Wednesday, 7 September 2011


So lately I seem to be regressing inexplicably back to my teenage years in every single way (fashion sense, emotional maturity, eating habits, pop-culture references) and due to this I just finished reading a stack of John Green books, as well as fitting in a quick re-read of The Perks of Being a Wallflower (and to the doubters, the naysayers, all I have to say is shut up shut upppp I will always have a place in my heart for good YA fiction).

The John Green book I completed most recently was read in a night and is called Looking For Alaska. It was the first book Green wrote and it focuses on angsty 16 year old Miles and his search for what he calls 'the great perhaps' - a search that leads him to boarding school, a roommate with poverty-ridden blood, and the first love of his short life, a girl named Alaska. The idea of 'the great perhaps' comes from writer Francois Rabelais's last words - at death, he believed that it was what he was going to seek. The ambiguity of Rabelais's last words, the lack of conviction, is almost delightfully morbid to me.

Back to the book. Miles, our 16 year old protagonist, is obsessed with last words. He reads biographies of famous authors, poets, musicians, etc, and he classifies these biographies as failures if they do not include the words the various subjects uttered on their deathbeds. Add to this a kickass philosophy teacher, a lot of teenage alcoholism and heavy petting, and references to Gabriel Garcia Marquez, and you have a winning combination. I mean, awesome. A 16 year old as idealistic and alcoholic and death obsessed as I used to be. How could I not fall in love with this book?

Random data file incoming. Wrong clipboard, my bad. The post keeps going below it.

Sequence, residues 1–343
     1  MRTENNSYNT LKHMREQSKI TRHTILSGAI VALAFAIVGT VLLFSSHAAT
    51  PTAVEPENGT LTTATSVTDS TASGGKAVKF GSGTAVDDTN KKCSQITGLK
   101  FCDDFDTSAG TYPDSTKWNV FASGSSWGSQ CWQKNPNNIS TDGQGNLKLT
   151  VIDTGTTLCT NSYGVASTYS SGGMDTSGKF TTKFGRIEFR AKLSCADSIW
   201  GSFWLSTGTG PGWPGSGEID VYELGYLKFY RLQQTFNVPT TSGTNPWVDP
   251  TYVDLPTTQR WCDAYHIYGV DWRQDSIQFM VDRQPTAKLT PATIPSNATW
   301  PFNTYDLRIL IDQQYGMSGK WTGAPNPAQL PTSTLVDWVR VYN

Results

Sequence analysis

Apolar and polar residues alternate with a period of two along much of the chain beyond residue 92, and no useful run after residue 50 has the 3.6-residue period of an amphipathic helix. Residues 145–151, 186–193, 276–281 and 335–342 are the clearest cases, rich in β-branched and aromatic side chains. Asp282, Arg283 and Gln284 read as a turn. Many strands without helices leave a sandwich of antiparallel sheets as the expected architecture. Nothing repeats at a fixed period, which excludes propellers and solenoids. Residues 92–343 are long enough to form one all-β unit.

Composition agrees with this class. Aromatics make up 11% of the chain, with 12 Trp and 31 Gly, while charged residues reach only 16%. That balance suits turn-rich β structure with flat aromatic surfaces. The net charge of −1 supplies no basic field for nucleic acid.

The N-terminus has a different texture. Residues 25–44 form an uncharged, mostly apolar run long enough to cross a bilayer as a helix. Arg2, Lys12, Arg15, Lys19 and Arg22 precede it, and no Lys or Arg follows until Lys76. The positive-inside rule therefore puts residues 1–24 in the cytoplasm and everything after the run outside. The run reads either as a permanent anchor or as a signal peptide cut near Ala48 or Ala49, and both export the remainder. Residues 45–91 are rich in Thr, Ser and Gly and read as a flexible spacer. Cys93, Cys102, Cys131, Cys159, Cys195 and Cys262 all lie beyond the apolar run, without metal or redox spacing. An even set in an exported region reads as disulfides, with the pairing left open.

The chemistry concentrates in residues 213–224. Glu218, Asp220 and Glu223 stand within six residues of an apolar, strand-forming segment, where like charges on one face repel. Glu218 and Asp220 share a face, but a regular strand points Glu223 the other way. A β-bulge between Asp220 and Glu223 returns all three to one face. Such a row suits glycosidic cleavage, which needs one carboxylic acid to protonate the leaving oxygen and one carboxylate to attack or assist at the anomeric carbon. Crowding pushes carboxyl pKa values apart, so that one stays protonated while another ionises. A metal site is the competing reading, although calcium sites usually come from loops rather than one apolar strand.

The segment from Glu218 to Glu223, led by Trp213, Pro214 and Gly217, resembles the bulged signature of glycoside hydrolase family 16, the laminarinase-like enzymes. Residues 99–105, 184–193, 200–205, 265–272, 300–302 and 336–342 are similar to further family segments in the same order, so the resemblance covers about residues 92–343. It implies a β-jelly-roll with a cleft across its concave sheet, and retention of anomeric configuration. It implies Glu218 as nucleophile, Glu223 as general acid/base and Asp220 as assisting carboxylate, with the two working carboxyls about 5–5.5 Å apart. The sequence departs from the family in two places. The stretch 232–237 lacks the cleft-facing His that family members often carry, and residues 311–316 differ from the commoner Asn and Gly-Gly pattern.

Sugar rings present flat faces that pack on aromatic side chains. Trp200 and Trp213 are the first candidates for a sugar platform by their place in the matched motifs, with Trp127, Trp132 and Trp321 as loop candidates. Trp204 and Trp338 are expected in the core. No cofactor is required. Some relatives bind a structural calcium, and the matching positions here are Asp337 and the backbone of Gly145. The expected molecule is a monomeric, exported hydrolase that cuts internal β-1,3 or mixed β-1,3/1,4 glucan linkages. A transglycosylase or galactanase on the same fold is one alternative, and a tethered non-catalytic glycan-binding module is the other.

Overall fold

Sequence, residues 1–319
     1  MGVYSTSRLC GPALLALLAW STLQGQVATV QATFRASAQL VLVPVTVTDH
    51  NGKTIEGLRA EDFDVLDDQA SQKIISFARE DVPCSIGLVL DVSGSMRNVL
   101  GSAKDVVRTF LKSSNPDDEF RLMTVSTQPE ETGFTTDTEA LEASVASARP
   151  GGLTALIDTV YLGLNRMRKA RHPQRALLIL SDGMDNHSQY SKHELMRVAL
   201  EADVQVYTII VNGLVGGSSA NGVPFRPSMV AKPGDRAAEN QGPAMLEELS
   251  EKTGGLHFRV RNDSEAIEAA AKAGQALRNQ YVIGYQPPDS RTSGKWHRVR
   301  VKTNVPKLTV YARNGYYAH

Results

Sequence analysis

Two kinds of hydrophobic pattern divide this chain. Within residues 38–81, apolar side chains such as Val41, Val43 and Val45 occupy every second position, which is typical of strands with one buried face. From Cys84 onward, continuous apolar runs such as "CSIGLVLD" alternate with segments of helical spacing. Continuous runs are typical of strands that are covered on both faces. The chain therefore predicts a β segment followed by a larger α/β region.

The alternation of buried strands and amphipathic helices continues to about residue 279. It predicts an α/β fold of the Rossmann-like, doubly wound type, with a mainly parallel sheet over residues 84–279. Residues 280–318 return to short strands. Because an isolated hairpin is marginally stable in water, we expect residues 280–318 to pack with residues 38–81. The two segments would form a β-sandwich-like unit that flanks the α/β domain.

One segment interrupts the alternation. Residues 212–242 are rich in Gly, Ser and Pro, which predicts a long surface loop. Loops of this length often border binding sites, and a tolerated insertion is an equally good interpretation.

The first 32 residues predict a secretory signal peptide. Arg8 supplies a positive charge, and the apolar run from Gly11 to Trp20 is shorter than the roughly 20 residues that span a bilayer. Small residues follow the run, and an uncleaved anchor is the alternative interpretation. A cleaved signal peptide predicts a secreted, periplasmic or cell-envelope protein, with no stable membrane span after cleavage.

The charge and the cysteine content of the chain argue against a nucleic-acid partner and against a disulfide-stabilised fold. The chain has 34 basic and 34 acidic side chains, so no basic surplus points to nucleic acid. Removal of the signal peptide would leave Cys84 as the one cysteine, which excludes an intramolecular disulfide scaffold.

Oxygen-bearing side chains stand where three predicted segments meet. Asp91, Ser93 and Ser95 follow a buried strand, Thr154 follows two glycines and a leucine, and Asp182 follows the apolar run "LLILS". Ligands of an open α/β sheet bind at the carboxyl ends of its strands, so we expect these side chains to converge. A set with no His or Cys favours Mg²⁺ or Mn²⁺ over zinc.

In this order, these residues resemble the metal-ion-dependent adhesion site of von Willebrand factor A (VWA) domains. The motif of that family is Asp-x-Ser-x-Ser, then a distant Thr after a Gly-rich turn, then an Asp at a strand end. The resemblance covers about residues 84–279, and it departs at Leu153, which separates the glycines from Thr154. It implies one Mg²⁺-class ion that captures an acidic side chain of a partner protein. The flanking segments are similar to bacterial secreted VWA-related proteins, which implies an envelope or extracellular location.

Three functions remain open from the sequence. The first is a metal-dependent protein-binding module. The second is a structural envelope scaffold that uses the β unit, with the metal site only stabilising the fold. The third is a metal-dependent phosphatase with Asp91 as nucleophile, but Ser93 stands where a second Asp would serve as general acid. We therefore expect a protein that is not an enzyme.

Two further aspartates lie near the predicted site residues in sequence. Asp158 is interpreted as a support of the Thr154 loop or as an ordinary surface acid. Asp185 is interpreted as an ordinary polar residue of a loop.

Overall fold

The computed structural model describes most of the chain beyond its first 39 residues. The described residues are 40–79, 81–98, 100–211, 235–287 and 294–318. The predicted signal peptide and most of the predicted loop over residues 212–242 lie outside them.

Weirdly, Looking For Alaska offered me a lot more than the rose-tinted nostalgia I expected. It comforted me. At first, I felt weird and slightly perverted at feeling this about a book aimed at teenagers - as if it's just further proof that I'll never turn 'fully adult', that I'll never obtain the life I wish due to the ultimate failure of not being able to grow up properly. Looking for Alaska is the kind of book I needed when I was 16, not just for its tragic undertones and realistic/optimistic psalms on teenage life, but for its constant mention of death and what happens when we die. 'The great perhaps'. It's fair to say I was death-obsessed as a teenager. Who isn't? 16 years old was probably my turning point, the year I realised that I was not invincible.

I spent a lot of time listening to The Smiths, having 3am existential crisises, setting my alarm clock to ring habitually through the night so that I would know if I was gonna die in my sleep and successfully be roused from it (how a ringing alarm clock would ward off death if I truly was at its door, I obviously never really gave much thought to...). It was dark, it was miserable, it was unhealthy and it was morbid as fuck. Most of these feelings stemmed from embarrassment, the very English school of thought of keeping a stiff upper lip and Not Talking About It. I wrote about death and its effects constantly for english and philosophy assignments, turning the essays into Chuck Palahniuk-esque one shoulder shrugs about the futility of life, its utter banality and lack of importance (I was 16, okay, and I'd never read anything as blase as fight club before in my life).